Bugs found and fixed, networking in progress

  • By: JAmiga
  • Posted on: 15 November 2011
Working on JAmiga's network support I discovered a bug in the class loading. An object of an class extending an abstract class, which in turn implements an interface, couldn't find the interface's methods. It took my quite some time to find that the class didn't search the extended class' interface, but only its directly implemented interfaces. Anyho
w, the fix was easy. So that's yet one bug down.

I have also put some time into debugging and tracing, both removing irrelevant stuff, and making some output conditional, using the -verbose argument.
More interesting though, is that I will have some sort of networking working soon. I've been re-thinking and trying some different approaches, and finally found something that will be stable, and hopefully not too slow. It's a solution where each Java socket actually has a dedicated Amiga process. This Amiga process shares the socket-library base with all other sockets which in turn is opened by a global javanet process. Whenever a new ServerSocket(80), new Socket("localhost", 80) or a socket.accept() is called, the executing process sends a message to the global javanet process which starts a new socket process and returns an ID to the process. Subsequent calls on that socket is then made directly to the socket process.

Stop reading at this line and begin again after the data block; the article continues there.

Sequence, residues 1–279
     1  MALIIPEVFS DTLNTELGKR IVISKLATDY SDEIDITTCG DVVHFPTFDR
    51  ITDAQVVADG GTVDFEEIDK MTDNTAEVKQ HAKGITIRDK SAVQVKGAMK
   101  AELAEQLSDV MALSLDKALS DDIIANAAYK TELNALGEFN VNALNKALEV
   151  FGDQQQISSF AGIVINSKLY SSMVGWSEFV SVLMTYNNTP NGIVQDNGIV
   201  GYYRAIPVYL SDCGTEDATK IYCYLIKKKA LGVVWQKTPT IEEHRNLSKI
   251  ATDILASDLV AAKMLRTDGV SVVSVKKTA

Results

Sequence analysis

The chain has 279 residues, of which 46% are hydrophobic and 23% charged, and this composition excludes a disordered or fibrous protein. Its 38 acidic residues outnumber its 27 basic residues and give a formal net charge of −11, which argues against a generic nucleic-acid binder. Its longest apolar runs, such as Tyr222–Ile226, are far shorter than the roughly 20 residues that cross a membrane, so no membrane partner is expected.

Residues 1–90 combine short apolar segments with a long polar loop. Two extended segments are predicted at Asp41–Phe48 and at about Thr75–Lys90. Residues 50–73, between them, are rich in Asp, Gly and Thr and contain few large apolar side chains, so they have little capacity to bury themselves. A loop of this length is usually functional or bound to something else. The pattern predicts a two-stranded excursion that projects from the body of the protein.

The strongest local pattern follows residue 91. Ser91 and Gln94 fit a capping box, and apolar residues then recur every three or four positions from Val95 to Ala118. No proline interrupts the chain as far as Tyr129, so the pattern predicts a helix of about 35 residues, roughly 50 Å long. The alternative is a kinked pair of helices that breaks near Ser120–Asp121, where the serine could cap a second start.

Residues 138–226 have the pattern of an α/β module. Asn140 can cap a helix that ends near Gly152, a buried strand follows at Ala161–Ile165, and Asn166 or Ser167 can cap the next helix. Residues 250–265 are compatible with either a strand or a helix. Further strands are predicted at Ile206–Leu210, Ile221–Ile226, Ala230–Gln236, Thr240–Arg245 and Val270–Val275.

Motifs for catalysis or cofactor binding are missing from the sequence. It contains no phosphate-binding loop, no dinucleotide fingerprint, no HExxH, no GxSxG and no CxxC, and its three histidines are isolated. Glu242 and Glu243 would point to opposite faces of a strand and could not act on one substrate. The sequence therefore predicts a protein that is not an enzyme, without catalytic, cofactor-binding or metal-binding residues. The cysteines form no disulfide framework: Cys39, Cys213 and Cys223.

The reason for having this solution is that the socket-library base needs to be shared between all sockets -- one socket cannot use one socket-library base to send data, and one library base to receive data. Since we might have several Java threads (one Java thread maps to one Amiga process) sending the poor Socket object from and to each other and doing all kinds of stuff to it, there must be one process for each socket. It is also not possible to have one process for all sockets created by one VM. One VM may start several threads that are supposed to communicate using sockets. Imagine one thread waiting to accept incoming connections, and the other thread wanting to connect. Thread one has its socket waiting in the global socket process, and the other thread... well... has to wait for the socket process to accept the connection, which waits for the other thread, which waits for the socket process...
The downside to this approach if of course the messages having to be sent to and from the processes. But AmigaOS is pretty darn good at IPC. So I don't think its a problem